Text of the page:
Cartier Just Announced The 7 Women-Led Businesses For Its Women's Initiative — And They're Good
For many customers, it's no longer enough to make a good product, a brand's mission must also push the needle towards a more ethical world. For a global business as powerful as Cartier, progression takes many forms, including the ability to offer resources to socially conscious brands working to make a difference. After months of narrowing down their finalists, Cartier’s Women’s Initiative announced its seven laureate winners for 2020.
Since it first launched in 2006, the Cartier Women’s Initiative has supported female entrepreneurs around the world, offering more than $3 million in funding. This year’s class of laureates — which have been carefully selected from a group of 1,200 applications from 159 different countries — will each receive a $100,000 investment in their businesses while the runner-ups, who were on the shortlist of 21 entrepreneurs announced in April, will each receive a $30,000 investment. As part of the program’s support for each of these businesses, both the laureates and the runner-ups will receive mentoring, networking, and business development.
The 2020 laureates — which hail from countries including Nigeria, Egypt, Denmark, Mexico, and the United States — prove that there are women-led businesses (in and out of the fashion sphere) working toward a better world, well, everywhere.
Among the laureates is Life Bank, which is based in Nigeria and delivers WHO-compliant essential items like blood and oxygen to hospitals using their own network of motorbikes and boats. Another company supporting hospitals is Rahet Bally in Egypt, which uses a card to offer discounts and access to health experts and hospitals. It also provides psychiatric counseling services, gyms, and babysitting to mothers.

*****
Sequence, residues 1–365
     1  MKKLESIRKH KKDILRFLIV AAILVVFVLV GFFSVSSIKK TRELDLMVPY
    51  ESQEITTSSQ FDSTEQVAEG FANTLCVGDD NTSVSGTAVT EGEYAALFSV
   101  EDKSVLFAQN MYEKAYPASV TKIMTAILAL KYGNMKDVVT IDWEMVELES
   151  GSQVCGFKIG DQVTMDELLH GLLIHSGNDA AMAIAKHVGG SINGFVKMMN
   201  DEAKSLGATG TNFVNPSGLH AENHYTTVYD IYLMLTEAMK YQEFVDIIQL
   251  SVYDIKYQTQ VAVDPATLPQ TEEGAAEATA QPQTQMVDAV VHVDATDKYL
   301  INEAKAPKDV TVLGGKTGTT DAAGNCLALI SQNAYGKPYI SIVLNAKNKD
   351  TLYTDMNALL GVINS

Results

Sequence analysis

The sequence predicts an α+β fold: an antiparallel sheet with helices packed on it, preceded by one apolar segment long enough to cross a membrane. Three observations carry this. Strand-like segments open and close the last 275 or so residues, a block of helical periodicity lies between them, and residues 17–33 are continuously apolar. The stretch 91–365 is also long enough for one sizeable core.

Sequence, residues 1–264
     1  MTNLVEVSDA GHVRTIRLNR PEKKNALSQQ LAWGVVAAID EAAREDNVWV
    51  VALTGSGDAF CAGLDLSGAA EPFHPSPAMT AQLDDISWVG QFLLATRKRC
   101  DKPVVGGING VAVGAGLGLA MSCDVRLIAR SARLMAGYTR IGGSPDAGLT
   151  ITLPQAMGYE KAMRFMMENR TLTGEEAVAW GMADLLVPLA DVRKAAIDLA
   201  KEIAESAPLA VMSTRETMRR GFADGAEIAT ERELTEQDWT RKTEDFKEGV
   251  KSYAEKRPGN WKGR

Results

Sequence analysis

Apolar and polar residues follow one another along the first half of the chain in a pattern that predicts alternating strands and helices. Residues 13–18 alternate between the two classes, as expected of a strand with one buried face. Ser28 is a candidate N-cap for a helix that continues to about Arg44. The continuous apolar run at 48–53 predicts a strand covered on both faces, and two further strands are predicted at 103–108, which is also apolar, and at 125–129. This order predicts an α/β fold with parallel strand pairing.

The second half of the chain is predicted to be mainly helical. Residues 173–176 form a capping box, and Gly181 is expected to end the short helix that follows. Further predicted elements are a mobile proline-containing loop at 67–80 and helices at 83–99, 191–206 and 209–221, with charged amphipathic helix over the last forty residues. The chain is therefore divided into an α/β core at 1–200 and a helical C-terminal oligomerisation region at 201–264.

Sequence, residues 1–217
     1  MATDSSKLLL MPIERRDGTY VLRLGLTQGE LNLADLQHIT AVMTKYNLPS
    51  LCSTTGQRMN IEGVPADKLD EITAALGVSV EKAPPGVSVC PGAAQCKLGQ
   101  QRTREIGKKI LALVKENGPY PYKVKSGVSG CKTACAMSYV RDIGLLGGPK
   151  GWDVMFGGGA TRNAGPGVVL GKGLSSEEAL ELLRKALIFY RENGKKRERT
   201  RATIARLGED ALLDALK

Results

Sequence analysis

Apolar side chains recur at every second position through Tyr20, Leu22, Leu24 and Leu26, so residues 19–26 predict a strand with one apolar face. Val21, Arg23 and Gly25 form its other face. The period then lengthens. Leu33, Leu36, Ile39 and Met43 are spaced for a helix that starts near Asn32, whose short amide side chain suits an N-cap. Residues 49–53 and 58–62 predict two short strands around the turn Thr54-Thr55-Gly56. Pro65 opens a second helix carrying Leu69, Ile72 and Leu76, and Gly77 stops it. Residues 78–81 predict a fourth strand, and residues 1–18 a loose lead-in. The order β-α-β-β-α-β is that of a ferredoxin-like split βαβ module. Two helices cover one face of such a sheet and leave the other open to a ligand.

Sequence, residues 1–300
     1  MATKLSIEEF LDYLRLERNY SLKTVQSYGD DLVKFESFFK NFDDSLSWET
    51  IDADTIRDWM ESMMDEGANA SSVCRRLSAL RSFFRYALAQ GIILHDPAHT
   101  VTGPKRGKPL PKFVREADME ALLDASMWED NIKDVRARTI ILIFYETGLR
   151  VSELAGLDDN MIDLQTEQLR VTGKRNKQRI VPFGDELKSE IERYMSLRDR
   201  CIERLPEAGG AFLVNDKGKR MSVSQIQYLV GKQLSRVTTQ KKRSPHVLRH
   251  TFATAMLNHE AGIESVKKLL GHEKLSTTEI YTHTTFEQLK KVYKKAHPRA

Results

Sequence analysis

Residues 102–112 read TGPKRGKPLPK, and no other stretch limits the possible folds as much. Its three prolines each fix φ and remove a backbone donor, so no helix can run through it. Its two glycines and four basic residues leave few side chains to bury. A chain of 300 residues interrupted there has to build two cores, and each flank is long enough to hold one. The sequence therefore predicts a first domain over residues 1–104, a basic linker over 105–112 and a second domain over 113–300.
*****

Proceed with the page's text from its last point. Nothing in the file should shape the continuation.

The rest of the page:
Other businesses in the list of winners are focused on promoting environmental support, such as Queen of Raw, the New York-based company for businesses to buy and sell deadstock fabrics and textiles instead of letting them go to waste. There are also Woolpack Australia, which manufactures environmentally responsible packaging for temperature-sensitive objects, and Tierra de Monte from Mexico, a technology that uses bacteria and fungi to rejuvenate plant and soil fertility more efficiently.
As some businesses are introducing more sustainable practices to their clients, Equota Energy in China is helping its clients understand their energy consumption in addition to providing insight to help them reduce it. And finally, there’s Female Invest, the Denmark-based brand that sets out to educate women on investing and employing more women in the finance industry through financial educational training.
Be sure to visit the Cartier Women's Initiative website to learn more about the program and its laureate winners.